Court name
High Court Main Division
Case number
CRIMINAL 58 of 2017

S v Mwalyombu (CRIMINAL 58 of 2017) [2017] NAHCMD 271 (25 September 2017);

Media neutral citation
[2017] NAHCMD 271
Damaseb JP
Liebenberg J





CR No: CR 58/2017

In the matter between:                                     

THE STATE                        




Neutral citation: S v Mwalyombu (CR 58/2017) [2017] NAHCMD 271 (25 September 2017)



DELIVERED:    25 September 2017


Flynote:         Criminal Procedure ­– Trial – Unavailability of presiding officer to continue with trial – Irregular to proceed with trial before magistrate other than one who noted a  plea of not guilty without explanation regarding unavailability of initial magistrate – Such procedure sanctioned by section 118 of the Criminal Procedure Act, 51 of 1977 only in instances when initial magistrate unavailable – The State has a duty to place unavailability of the initial magistrate on the record – Failure in the latter regard renders continuation of the trial before another magistrate irregular.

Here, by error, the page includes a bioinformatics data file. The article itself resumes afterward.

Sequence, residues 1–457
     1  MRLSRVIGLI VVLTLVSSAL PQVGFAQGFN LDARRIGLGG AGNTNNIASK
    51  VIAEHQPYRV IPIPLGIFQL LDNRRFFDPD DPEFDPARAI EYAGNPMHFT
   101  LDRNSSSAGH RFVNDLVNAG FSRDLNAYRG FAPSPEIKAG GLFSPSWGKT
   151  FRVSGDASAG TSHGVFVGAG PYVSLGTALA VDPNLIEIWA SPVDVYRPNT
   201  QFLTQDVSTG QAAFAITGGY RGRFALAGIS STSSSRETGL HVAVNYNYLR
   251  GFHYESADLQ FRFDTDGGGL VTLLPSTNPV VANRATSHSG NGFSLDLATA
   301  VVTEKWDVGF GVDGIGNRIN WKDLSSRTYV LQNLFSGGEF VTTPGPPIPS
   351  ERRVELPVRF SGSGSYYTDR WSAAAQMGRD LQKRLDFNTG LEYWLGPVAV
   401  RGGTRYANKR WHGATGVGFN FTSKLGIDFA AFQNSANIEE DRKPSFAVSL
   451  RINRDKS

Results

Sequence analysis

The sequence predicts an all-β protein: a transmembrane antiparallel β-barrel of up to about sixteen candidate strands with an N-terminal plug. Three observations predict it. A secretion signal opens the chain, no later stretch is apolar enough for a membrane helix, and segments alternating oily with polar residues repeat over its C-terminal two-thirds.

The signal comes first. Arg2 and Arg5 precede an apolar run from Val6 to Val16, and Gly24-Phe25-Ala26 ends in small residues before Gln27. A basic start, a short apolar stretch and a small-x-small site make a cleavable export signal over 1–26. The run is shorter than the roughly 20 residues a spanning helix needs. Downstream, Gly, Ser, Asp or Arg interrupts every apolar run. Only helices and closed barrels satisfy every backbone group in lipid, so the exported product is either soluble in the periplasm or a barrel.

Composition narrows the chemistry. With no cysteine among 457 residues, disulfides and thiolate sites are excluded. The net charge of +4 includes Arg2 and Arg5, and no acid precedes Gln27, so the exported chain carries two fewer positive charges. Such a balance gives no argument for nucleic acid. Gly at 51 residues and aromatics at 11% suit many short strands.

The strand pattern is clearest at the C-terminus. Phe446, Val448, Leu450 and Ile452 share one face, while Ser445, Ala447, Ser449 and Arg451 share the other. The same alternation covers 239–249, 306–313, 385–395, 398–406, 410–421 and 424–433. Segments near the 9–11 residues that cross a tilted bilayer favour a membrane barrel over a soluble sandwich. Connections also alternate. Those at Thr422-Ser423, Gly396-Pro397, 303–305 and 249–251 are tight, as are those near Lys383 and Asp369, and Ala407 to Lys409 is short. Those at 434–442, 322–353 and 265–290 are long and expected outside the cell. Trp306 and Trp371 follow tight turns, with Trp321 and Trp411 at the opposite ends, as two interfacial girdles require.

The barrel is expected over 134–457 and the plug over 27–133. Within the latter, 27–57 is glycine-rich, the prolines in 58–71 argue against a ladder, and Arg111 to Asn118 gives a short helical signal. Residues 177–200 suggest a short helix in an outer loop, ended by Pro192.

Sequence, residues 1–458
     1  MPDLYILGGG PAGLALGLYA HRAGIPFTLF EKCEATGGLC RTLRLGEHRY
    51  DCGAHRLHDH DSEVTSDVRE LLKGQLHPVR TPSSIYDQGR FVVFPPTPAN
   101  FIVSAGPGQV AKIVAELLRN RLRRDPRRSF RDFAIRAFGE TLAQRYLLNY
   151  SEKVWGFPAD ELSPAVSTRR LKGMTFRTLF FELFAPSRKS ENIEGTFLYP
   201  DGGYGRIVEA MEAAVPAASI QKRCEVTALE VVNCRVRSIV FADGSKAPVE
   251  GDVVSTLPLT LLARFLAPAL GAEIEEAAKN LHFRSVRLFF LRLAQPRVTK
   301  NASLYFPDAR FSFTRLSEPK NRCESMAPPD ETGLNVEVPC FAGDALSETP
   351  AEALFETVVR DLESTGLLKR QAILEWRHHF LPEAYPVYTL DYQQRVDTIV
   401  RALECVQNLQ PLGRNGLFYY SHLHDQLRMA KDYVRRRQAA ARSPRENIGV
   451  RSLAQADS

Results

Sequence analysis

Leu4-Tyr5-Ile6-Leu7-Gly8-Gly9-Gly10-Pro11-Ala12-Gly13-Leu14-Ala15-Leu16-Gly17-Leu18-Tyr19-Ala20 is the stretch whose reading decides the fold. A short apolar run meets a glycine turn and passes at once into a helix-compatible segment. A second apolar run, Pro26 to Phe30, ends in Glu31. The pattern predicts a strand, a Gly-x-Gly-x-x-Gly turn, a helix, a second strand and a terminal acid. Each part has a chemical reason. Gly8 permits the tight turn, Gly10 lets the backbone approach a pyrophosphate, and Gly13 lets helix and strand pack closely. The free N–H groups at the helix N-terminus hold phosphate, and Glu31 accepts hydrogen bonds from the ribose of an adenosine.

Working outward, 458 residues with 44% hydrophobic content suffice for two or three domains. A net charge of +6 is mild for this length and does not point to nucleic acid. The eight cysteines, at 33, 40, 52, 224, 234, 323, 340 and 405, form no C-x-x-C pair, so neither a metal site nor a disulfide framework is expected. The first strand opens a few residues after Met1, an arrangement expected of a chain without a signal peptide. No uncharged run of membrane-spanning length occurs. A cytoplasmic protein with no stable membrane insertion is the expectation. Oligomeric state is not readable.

Irregular proceedings – Whether irregularity vitiates the proceedings depends on the circumstances of particular case.

Summary:     Trial proceedings continued and were concluded before one magistrate while the accused had pleaded not guilty before a different magistrate. The record is absent a recordal of the initial magistrate’s unavailability, thereby rendering the trial proceedings irregular. Court satisfied that the irregularity does not vitiate the entire proceedings.


1.         The conviction and sentence are confirmed.

2.         The registrar is directed to bring this judgment to the attention of the Chief